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Cross of Iron

3.6 out of 5 stars 73 customer reviews

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Product Details

  • Actors: James Coburn, Maximilian Schell, James Mason, David Warner, Klaus Löwitsch
  • Directors: Sam Peckinpah
  • Writers: James Hamilton, Julius J. Epstein, Walter Kelley, Willi Heinrich
  • Producers: Alex Winitsky, Arlene Sellers, Lothar H. Krischer
  • Format: Color, DVD-Video, Full Screen, NTSC
  • Language: English
  • Region: Region 1 (US and Canada This DVD will probably NOT be viewable in other countries. Read more about DVD formats.)
  • Aspect Ratio: 1.33:1
  • Number of discs: 1
  • MPAA Rating: R
  • Studio: eOne Films
  • Release Date: Sept. 9 2003
  • Run Time: 119 minutes
  • Average Customer Review: 3.6 out of 5 stars 73 customer reviews
  • ASIN: B00003M5FX
  • Amazon Bestsellers Rank: #75,979 in DVD (See Top 100 in DVD)
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Product Description

Sam Peckinpah weighs in on World War II--and from the German point of view. The result is as bleak, if not quite as bloody, as one expects, in part because the 1977 film was cut to ribbons by nervous studio executives. The assorted excerpts that remain don't constitute an exhilarating or even an especially thrilling battle epic. The war is grinding to a close, and veterans like James Coburn's Steiner are grimly aware that it's a lost cause. The battlefield is a death trap of sucking mud and barbed wire, and the German generals (viz., the martinet played by James Mason) seem to pose a bigger threat to the life and limbs of Steiner's men than the inexorable enemy. Not even Peckinpah's famous sensuous exuberance when shooting violence is much in evidence; the picture is a depressive, claustrophobically overcast experience. The bloody high (or low) point isn't a shooting; it's a wince-inducing de-penis-tration during oral sex. For a fun time with the men in (Nazi) uniform, try Das Boot instead. --David Chute --This text refers to an out of print or unavailable edition of this title.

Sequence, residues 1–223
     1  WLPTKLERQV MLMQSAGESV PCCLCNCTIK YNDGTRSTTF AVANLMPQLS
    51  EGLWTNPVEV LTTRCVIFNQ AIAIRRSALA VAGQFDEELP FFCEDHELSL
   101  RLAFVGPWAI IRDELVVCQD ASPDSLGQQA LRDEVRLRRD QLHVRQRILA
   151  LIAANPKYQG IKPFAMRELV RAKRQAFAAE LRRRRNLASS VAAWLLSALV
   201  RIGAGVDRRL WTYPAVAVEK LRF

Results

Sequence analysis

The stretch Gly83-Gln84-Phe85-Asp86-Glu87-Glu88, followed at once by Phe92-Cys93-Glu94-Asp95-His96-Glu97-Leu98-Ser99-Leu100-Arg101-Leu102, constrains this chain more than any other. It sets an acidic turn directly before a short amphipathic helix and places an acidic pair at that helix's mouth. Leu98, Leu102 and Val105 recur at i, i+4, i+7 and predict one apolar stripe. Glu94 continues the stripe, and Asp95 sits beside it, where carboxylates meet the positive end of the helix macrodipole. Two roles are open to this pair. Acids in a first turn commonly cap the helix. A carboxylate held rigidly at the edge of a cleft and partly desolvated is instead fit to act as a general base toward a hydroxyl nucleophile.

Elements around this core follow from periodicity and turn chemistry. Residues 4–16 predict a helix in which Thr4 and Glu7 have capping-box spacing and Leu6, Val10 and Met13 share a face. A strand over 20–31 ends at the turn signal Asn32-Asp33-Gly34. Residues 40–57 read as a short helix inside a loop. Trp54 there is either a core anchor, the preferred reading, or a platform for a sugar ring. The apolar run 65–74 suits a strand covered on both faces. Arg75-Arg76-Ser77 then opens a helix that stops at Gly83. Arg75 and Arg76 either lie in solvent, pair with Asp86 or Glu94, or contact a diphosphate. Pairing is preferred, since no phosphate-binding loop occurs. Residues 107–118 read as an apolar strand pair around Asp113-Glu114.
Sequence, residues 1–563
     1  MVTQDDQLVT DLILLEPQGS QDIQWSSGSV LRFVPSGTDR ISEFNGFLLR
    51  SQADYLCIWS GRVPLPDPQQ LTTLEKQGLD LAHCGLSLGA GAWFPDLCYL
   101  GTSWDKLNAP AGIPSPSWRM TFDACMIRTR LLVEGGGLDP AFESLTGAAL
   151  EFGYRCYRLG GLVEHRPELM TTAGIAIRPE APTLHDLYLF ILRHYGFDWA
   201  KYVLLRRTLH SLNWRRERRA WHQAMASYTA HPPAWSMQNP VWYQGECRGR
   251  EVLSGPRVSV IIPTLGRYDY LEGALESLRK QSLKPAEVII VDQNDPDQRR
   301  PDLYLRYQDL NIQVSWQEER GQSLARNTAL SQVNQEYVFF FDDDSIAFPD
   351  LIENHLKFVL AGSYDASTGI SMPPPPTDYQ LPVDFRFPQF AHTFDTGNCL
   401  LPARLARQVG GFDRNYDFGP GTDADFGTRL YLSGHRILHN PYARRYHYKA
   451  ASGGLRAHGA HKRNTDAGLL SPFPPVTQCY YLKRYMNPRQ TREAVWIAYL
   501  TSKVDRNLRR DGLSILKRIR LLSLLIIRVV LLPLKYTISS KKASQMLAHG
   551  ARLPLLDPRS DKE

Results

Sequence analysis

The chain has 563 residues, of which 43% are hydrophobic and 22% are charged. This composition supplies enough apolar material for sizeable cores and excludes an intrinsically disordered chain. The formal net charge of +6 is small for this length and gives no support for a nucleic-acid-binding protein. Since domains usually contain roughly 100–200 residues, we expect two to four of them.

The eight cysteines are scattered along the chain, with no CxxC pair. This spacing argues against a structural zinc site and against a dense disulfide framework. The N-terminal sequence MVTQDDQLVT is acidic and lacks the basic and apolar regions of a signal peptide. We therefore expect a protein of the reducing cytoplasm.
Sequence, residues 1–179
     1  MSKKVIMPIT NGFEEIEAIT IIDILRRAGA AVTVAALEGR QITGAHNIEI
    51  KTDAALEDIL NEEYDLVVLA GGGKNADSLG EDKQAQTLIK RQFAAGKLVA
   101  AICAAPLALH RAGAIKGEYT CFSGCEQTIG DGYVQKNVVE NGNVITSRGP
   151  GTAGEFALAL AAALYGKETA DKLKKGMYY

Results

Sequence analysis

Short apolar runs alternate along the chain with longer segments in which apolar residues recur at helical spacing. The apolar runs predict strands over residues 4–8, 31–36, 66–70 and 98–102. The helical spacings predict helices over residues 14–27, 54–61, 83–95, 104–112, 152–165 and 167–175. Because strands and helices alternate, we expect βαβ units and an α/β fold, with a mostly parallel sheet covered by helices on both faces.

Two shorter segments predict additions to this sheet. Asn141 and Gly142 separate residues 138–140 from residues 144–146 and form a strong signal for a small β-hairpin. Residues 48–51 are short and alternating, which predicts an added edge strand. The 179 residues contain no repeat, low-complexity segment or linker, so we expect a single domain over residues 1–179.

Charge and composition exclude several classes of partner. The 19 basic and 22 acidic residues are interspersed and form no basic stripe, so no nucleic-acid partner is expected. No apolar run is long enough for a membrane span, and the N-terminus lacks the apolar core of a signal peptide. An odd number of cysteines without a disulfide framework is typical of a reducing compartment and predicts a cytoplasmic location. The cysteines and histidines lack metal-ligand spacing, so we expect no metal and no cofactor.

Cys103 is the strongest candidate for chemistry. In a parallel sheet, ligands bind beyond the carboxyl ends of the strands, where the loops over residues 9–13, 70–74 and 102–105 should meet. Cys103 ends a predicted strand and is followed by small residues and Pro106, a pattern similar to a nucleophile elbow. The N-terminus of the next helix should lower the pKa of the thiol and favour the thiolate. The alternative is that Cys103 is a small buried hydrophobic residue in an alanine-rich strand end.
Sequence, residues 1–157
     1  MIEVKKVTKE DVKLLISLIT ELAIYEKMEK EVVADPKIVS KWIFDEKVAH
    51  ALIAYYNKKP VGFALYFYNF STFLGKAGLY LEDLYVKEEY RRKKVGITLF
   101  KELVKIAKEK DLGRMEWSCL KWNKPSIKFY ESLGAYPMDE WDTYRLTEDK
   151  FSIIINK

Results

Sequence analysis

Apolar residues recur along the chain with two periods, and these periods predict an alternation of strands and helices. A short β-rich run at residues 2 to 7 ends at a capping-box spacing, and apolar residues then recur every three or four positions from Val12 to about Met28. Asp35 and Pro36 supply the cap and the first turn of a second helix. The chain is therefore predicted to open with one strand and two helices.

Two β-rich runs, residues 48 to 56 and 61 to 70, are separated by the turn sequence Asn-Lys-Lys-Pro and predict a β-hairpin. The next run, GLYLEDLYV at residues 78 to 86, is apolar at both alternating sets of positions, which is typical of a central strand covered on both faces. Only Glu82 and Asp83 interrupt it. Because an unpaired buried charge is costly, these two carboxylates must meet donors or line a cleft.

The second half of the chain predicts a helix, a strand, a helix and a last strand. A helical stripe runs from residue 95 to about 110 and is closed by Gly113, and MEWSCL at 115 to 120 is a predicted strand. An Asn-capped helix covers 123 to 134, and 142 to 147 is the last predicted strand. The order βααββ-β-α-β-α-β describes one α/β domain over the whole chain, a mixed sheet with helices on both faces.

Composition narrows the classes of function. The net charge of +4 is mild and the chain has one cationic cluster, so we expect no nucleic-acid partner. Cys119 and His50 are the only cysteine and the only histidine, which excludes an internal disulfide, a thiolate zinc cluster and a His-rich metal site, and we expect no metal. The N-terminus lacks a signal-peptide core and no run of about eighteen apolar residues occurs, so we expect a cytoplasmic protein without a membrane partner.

Customer Reviews

Top Customer Reviews

Format: DVD
After much anticipation, I received my DVD copy of Henstooth's
second DVD release of Sam Peckinpah-directed "Cross Of Iron."
This is well worth the wait.
The 'Widescreen Special Edition' is superior in video quality
and presentation.
Had Henstooth 'gone the extra-yard' and released an 'unrated'
version and remixed the sound-track in '5.1 surround-sound',
then "Cross Of Iron (Widescreen Special Edition) would be
worth its weight in gold.
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Format: DVD
Film director Sam Peckinpah's career was winding down in 1977 when he shocked international critics with his primitive, unconventional anti-war epic "Cross of Iron." To this day, critics and authors alike don't really no what to make of this ferocious film. At times inspired, at others pretentious, Peckinpah's "Cross of Iron" is kind of the black sheep of classic cinema war flicks - it is difficult to like, but equally deserving of respect.
I suppose the legend behind "Cross of Iron" has been told many times. Immediately after viewing this film, Orson Welles fired off a letter to Peckinpah calling it "the greatest anti-war film ever made." I agree with Welles' stance. One can never really relax while watching the muddy carnage of "Cross of Iron." Explosions constantly rattle the sets, dialogue is difficult to hear due to the cries of dying men in the background. Peckinpah's trademark rapid-fire editing, perhaps used a bit too much in this film (if not many of his post-"Wild Bunch" films), will leave viewers shellshocked. Battlefield distractions reign supreme. As a viewer, we are living with these filthy soldiers in the rat and lice infested bunkers.